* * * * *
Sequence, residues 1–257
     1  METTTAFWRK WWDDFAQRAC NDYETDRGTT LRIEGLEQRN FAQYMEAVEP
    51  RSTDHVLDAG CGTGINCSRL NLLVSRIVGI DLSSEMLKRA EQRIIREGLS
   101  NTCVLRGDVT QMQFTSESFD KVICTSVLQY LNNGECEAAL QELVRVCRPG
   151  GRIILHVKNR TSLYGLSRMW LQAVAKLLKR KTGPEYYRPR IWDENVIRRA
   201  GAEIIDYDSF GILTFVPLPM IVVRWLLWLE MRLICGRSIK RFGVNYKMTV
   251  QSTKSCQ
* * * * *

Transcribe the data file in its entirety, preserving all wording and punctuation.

Sequence, residues 1–257
     1  METTTAFWRK WWDDFAQRAC NDYETDRGTT LRIEGLEQRN FAQYMEAVEP
    51  RSTDHVLDAG CGTGINCSRL NLLVSRIVGI DLSSEMLKRA EQRIIREGLS
   101  NTCVLRGDVT QMQFTSESFD KVICTSVLQY LNNGECEAAL QELVRVCRPG
   151  GRIILHVKNR TSLYGLSRMW LQAVAKLLKR KTGPEYYRPR IWDENVIRRA
   201  GAEIIDYDSF GILTFVPLPM IVVRWLLWLE MRLICGRSIK RFGVNYKMTV
   251  QSTKSCQ